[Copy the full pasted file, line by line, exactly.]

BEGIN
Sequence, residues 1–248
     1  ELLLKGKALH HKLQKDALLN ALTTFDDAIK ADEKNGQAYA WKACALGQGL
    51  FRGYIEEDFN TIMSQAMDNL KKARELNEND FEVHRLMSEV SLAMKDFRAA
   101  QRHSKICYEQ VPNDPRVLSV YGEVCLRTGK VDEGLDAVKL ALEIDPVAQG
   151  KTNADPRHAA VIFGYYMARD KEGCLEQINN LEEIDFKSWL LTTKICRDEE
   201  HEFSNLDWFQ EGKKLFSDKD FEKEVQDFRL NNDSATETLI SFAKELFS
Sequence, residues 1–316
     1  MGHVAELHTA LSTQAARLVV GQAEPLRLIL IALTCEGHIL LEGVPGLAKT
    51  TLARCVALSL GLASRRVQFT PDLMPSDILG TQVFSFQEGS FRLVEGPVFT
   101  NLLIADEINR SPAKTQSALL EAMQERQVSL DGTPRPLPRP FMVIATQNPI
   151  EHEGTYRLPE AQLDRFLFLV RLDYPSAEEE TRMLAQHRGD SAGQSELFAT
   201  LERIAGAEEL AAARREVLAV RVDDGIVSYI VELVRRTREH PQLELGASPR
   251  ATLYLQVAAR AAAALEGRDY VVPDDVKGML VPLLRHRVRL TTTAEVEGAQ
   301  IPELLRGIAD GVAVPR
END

Sequence, residues 1–248
     1  ELLLKGKALH HKLQKDALLN ALTTFDDAIK ADEKNGQAYA WKACALGQGL
    51  FRGYIEEDFN TIMSQAMDNL KKARELNEND FEVHRLMSEV SLAMKDFRAA
   101  QRHSKICYEQ VPNDPRVLSV YGEVCLRTGK VDEGLDAVKL ALEIDPVAQG
   151  KTNADPRHAA VIFGYYMARD KEGCLEQINN LEEIDFKSWL LTTKICRDEE
   201  HEFSNLDWFQ EGKKLFSDKD FEKEVQDFRL NNDSATETLI SFAKELFS
Sequence, residues 1–316
     1  MGHVAELHTA LSTQAARLVV GQAEPLRLIL IALTCEGHIL LEGVPGLAKT
    51  TLARCVALSL GLASRRVQFT PDLMPSDILG TQVFSFQEGS FRLVEGPVFT
   101  NLLIADEINR SPAKTQSALL EAMQERQVSL DGTPRPLPRP FMVIATQNPI
   151  EHEGTYRLPE AQLDRFLFLV RLDYPSAEEE TRMLAQHRGD SAGQSELFAT
   201  LERIAGAEEL AAARREVLAV RVDDGIVSYI VELVRRTREH PQLELGASPR
   251  ATLYLQVAAR AAAALEGRDY VVPDDVKGML VPLLRHRVRL TTTAEVEGAQ
   301  IPELLRGIAD GVAVPR